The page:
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Sack Balicki Lejeune EIASM Paper March 09

Sack Balicki Lejeune EIASM Paper March 09

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Published by Albert Lejeune
A paper presented to the
by Ira Sack, Stevens Institute of Technology, isack@stevens.edu, Richard J. Balicki, Johnson & Johnson, rbalick@its.jnj.com Albert Lejeune, ESG-UQAM, lejeune.albert@uqam.ca
Brussels, April 20-21,2009
A paper presented to the
by Ira Sack, Stevens Institute of Technology, isack@stevens.edu, Richard J. Balicki, Johnson & Johnson, rbalick@its.jnj.com Albert Lejeune, ESG-UQAM, lejeune.albert@uqam.ca
Brussels, April 20-21,2009

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Published by: Albert Lejeune on Jun 03, 2009
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EIASM 2009
A Balanced Architectural Approach toDevelop Dynamic Capabilities
A paper presented to theEIASM
byIra Sack, Stevens Institute of Technology, isack@stevens.eduRichard J. Balicki, Johnson & Johnson, rbalick@its.jnj.comAlbert Lejeune, ESG-UQAM, lejeune.albert@uqam.ca
Brussels, April 20-21
In the field of strategic management the hard-soft distinction is a tradition since 1981[PA1981]. The first three of the 7 S's (Strategy, Structure, Systems) defined by Pascaleand Athos - called hard factors - were the hallmark of American management. They
 became in the 90‘s a departure point for a transformational journey towards Purpose,
Process, and People [BG1994, 1995a, 1995b]. The remaining four factors (Skills, Staff,Style, and Shared Values) were called soft factors and still characterize an organizationalculture of learning and sharing. The goal of this paper is to actualize this hard-softdistinction in the new architectural context that sometimes makes enterprise architecturea substitute for strategy, enabling the development of new competences and dynamiccapabilities [RWR2006].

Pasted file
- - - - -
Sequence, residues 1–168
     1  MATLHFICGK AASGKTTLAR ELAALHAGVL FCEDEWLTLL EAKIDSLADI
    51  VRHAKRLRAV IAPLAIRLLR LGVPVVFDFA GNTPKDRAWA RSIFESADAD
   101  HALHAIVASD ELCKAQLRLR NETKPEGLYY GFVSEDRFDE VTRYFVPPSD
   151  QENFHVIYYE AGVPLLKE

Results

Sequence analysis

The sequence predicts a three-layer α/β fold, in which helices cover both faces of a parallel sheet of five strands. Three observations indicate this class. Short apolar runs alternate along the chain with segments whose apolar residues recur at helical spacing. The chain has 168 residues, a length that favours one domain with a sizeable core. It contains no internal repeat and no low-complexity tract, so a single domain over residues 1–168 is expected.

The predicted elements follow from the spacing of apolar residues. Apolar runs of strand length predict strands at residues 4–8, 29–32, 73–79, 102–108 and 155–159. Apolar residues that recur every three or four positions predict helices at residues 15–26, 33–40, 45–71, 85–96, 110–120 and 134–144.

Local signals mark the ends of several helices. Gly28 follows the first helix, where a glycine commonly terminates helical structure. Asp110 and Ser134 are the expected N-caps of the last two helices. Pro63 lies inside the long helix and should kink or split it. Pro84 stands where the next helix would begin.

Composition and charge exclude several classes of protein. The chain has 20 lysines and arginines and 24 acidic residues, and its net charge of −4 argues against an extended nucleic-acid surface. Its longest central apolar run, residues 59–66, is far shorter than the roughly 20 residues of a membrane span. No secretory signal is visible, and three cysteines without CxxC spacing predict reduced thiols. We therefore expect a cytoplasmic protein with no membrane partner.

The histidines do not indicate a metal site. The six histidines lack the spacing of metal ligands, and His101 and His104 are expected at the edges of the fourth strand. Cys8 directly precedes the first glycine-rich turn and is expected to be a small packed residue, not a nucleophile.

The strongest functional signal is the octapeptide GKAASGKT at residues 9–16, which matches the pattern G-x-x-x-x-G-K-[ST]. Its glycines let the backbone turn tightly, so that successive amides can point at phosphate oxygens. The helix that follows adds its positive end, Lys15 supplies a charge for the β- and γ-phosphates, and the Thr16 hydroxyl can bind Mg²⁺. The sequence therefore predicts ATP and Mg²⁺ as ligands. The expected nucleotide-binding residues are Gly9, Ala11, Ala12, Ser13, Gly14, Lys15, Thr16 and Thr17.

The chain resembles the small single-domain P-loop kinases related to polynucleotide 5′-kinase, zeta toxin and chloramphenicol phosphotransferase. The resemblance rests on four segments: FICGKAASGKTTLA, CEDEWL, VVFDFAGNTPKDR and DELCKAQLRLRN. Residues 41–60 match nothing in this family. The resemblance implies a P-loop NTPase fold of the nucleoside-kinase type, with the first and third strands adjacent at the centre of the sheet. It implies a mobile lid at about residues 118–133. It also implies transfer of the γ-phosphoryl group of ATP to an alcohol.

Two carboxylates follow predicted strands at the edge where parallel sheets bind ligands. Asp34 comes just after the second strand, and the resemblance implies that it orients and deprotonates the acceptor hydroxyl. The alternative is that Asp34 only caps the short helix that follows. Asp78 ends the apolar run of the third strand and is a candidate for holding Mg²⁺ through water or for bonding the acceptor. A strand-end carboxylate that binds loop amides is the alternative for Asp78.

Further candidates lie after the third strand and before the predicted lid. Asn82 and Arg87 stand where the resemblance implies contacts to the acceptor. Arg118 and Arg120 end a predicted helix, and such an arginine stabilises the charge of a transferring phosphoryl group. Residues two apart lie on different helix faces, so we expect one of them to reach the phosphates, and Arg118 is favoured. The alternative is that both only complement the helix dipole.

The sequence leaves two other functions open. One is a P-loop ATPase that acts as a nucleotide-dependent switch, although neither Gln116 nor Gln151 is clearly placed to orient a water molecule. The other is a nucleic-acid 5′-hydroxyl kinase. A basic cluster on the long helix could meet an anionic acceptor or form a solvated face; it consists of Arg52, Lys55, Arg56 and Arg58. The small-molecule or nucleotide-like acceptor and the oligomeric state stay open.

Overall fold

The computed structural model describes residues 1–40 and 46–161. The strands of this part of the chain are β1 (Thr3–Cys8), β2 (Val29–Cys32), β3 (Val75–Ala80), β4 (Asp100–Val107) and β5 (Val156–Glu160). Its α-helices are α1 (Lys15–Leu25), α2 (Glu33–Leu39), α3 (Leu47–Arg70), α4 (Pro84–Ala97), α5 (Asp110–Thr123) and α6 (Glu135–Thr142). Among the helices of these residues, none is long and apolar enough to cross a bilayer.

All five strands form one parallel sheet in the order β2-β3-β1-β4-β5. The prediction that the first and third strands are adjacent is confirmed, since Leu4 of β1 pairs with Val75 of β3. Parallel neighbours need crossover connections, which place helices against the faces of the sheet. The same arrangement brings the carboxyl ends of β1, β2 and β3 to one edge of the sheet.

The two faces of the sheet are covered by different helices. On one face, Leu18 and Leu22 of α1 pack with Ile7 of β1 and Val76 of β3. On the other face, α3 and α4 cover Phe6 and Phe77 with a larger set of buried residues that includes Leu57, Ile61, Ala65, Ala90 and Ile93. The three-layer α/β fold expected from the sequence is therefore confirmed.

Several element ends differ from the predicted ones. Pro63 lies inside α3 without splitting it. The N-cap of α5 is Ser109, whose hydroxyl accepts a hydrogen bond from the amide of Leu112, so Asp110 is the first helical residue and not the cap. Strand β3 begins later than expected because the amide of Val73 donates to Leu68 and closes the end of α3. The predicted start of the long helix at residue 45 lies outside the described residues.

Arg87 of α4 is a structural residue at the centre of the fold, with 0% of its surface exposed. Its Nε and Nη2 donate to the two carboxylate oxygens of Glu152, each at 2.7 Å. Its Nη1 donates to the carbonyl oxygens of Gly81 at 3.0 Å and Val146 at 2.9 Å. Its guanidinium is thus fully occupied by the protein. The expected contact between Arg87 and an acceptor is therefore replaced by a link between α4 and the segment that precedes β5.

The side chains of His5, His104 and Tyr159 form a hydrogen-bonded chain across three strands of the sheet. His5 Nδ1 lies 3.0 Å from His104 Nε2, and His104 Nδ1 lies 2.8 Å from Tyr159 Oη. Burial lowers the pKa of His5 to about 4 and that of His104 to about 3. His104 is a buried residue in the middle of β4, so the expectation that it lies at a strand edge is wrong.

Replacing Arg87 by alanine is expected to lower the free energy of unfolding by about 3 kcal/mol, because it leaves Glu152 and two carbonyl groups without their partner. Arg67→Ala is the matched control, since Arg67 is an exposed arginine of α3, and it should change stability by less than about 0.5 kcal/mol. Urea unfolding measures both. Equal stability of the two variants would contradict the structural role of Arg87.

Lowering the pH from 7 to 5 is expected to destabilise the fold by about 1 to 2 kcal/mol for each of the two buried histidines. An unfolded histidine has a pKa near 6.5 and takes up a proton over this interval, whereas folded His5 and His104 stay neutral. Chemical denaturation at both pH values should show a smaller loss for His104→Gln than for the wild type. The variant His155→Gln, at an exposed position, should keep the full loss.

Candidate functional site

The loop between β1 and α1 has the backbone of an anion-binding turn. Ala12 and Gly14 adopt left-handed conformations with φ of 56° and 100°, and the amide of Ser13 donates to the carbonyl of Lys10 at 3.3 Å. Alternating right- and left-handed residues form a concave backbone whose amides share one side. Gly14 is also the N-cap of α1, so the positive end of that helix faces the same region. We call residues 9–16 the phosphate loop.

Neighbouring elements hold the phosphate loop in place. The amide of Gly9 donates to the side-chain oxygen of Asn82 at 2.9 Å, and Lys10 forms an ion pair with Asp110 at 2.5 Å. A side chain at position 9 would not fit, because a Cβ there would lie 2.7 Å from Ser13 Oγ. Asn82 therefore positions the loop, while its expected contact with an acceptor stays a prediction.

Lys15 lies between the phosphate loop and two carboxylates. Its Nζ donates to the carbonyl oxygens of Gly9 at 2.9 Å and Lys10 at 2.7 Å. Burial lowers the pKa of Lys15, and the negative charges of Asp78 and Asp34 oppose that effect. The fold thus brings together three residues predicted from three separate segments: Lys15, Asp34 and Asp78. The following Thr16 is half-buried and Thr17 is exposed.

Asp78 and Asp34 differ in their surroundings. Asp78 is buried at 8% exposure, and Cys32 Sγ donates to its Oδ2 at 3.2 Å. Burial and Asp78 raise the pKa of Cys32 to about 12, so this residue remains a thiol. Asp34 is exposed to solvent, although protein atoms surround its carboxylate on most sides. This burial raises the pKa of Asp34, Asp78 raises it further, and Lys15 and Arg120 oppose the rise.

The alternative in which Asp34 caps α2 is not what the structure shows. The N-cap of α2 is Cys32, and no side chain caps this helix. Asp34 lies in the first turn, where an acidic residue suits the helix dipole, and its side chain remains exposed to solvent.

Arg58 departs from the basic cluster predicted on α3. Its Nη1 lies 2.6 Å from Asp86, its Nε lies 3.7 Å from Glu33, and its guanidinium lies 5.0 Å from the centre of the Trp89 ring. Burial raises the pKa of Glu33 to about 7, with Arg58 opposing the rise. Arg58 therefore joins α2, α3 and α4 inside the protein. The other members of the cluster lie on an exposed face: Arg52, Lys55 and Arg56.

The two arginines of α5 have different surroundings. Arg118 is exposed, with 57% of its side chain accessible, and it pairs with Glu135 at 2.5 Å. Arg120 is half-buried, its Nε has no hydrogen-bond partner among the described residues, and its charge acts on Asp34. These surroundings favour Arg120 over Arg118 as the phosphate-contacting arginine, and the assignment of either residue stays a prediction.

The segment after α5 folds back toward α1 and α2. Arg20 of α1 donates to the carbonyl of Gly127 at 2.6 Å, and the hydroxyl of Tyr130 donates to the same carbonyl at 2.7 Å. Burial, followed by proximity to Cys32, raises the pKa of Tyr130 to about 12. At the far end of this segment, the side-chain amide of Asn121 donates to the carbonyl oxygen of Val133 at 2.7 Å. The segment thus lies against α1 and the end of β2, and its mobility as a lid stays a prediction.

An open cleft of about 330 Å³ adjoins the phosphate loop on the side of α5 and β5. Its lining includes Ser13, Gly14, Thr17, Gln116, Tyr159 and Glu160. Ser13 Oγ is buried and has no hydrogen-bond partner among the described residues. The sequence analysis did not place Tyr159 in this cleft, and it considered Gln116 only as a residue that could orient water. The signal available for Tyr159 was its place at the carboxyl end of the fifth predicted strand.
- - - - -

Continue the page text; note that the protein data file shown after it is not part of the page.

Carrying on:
Dynamic capabilities are defined as ‗
the ability to integrate, build, and reconfigureinternal and external competencies to address rapidly-changing environments
[TPS1997]. This paper shows how a balanced hard/soft architecture is key to reconfigureboth internal and external competencies through dynamic capabilities. This was the casewhen the large Canadian traditional banks had to compete with the Internet banks.Quickly, the bank became available where the customer business was. As the number of branches quickly diminished, the integration level of the traditional, automated branches,and ATMs was completed. The precision of the market data made the manned orelectronic «doors» adequately positioned. The network was rationalized and each entrypoint contributed to the profits by building transactions volume. To the contrary, the new
Internet banks didn‘t experience the same degree of success.
 This paper is organized this way: We first propose our definition of a balanced hard/softarchitecture and expose the Hierarchical Layered Approach to Organizational Design. Wethen go further in explaining the balanced hard/soft architecture and finally illustrate thatbalanced architecture as an organizational pattern of dynamic capabilities enabling thereconfiguration of both internal and external competencies.
Hard and Soft Contracts and Architectures
Routine workflows as well as routine job skills, roles, and behaviors of people andstructure in processes may and should be specified as